Piper Plastics, a supplier of plastic and metal components to a range of industries based in Chandler, AZ, has been named a finalist in the 2015 Golden Mousetrap Awards in the Materials & Assembly: Engineering Materials category. The company is recognized for its Kyron Max technology, which combines proprietary high-pressure molding with an engineered plastic that offers mechanical properties that match and, in some cases exceed, metals. The annual awards program celebrates the return and renaissance of manufacturing in North America by honoring companies and individuals who are driving progress. The winners will be announced at a ceremony on Feb. 10, 2015, in Anaheim, CA, in conjunction with the Pacific Design & Manufacturing event.
Introduced in July 2014, Kyron Max polymers are said to bridge the gap between high-volume injection molding, which produces parts economically but with limited mechanical properties, and pre-preg lay ups, which result in stronger components but is a relatively expensive and labor-intensive process. The materials and molding process developed by Piper Plastics allow high-volume injection molding of parts in strengths that approach lay-up composite polymers, according to the company. The technology enables the replacement of a broad array of metal parts with plastic equivalents while reducing material volume. The company initially embarked on this project to address an unmet need in the aviation industry, but the technology has manifold applications in a range of sectors, including the medical device space.
"We often ask our customers, 'What's utopia for you?'" Materials Engineering Manager Dave Wilkinson told PlasticsToday. "We were having that conversation with an aerospace OEM, and they told us their utopia was a fastener for use in airplane interiors that could replace traditional metal parts," says Wilkinson. The OEM had spent the better part of 10 years looking for a suitable material in vain. "They could not find a polymer that combined the needed strength and consistency," explains Wilkinson.
Piper Plastics went to work and after a couple of years had developed Kyron Max materials, which can replicate the original metal design and reduce material volume while imparting all the benefits of plastics.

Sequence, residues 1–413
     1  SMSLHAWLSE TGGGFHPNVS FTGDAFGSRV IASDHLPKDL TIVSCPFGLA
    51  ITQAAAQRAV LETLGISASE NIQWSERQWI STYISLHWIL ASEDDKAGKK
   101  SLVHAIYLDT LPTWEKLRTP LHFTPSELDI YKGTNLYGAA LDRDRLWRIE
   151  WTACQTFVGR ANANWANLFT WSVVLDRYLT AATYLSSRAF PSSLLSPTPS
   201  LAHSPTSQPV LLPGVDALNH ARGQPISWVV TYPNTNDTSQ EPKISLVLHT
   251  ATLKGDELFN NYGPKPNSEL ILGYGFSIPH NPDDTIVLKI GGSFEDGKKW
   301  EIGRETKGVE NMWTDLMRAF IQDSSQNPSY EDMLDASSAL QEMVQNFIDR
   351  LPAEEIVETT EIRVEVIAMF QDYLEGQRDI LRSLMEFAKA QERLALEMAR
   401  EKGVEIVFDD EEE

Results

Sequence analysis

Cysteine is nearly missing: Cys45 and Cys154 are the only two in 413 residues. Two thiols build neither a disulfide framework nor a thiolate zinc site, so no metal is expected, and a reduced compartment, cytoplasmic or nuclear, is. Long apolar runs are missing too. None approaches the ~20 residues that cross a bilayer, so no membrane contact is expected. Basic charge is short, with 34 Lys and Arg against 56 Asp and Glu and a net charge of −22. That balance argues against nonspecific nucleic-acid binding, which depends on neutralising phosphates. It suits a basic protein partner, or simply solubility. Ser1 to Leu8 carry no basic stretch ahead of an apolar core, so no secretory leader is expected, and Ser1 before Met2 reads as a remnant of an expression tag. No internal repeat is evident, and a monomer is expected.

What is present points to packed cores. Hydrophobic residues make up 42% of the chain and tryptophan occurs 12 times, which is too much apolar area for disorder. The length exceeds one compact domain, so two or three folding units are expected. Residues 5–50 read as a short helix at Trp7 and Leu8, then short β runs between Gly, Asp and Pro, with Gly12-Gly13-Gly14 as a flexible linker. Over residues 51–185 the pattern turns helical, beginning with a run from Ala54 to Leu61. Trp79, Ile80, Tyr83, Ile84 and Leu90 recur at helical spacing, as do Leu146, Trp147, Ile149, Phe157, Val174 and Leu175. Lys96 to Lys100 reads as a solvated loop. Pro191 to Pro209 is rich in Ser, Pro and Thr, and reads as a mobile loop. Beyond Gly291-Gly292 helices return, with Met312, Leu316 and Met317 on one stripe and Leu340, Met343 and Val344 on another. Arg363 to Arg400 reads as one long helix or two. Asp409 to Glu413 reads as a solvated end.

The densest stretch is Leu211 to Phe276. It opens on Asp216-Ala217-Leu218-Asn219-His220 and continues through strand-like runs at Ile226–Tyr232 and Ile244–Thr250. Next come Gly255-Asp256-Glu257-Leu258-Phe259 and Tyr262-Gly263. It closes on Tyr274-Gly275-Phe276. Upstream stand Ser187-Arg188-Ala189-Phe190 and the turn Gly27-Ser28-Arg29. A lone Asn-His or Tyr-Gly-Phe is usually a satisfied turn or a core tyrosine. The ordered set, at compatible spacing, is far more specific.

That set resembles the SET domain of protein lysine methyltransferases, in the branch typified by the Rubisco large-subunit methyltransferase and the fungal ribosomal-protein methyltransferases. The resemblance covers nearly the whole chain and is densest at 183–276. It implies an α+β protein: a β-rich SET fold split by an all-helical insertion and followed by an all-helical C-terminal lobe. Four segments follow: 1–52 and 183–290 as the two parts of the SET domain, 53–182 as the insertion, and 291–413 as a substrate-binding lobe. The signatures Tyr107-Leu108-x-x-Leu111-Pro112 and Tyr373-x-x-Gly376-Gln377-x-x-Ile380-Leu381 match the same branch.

Kyron Max materials are based on engineering polymers that include PEEK, PA, PPA, PPS, and PEI to which sizing technology is applied to enhance adhesion of a special fiber with the plastic.
To illustrate the value of the technology, Piper has published a case study on its website that shows how a standard #10-32 bolt molded in a Kyron Max thermoplastic achieved a customer's strength and cost requirements at less than half the weight of a titanium bolt that it was using.
Medical applications also can benefit greatly from the technology, says Wilkinson. The company is no stranger to the medtech sector—its quality systems are certified to ISO 13485 and Wilkinson figures it's the leading processor of PEEK for medical implants in North America and probably number two in the world—and several medical manufacturers currently are evaluating the materials.
"The medical industry uses a lot of metals inside and outside the body in fixation devices, for example," says Wilkinson, "and it is looking to replace those materials with plastics, which don't pose problems when x-rays or MRIs are needed."
Lightweighting and cost considerations are also driving medical device companies to consider Kyron Max, he adds. That said, the company currently is not looking at implantable applications and is focusing, instead, on instruments, fixation devices, and diagnostic products that are used outside the body. "There are tons of possibilities," says Wilkinson, adding that it may be some time before the technology sees its way into finished products in the medical as well as aviation spaces. "As you know, the qualification times for medical and aerospace are lengthy," he notes.
However, you will be seeing Kyron Max quite soon in an array of sporting and recreational goods. "Demand has been going gangbusters for everything from archery equipment, bicycles, and firearms to kayak paddles," says Wilkinson. When you can combine lightweighting and performance, a stream of people suddenly come knocking at your door. "This is a new space for us and the demand, frankly, has been amazing," says Wilkinson, so much so that the company is now looking at hiring personnel to keep up.
Now that, as they say, is a good problem to have.
Norbert Sparrow is Senior Editor at PlasticsToday. Follow him on twitter @norbertcsparrow and Google+.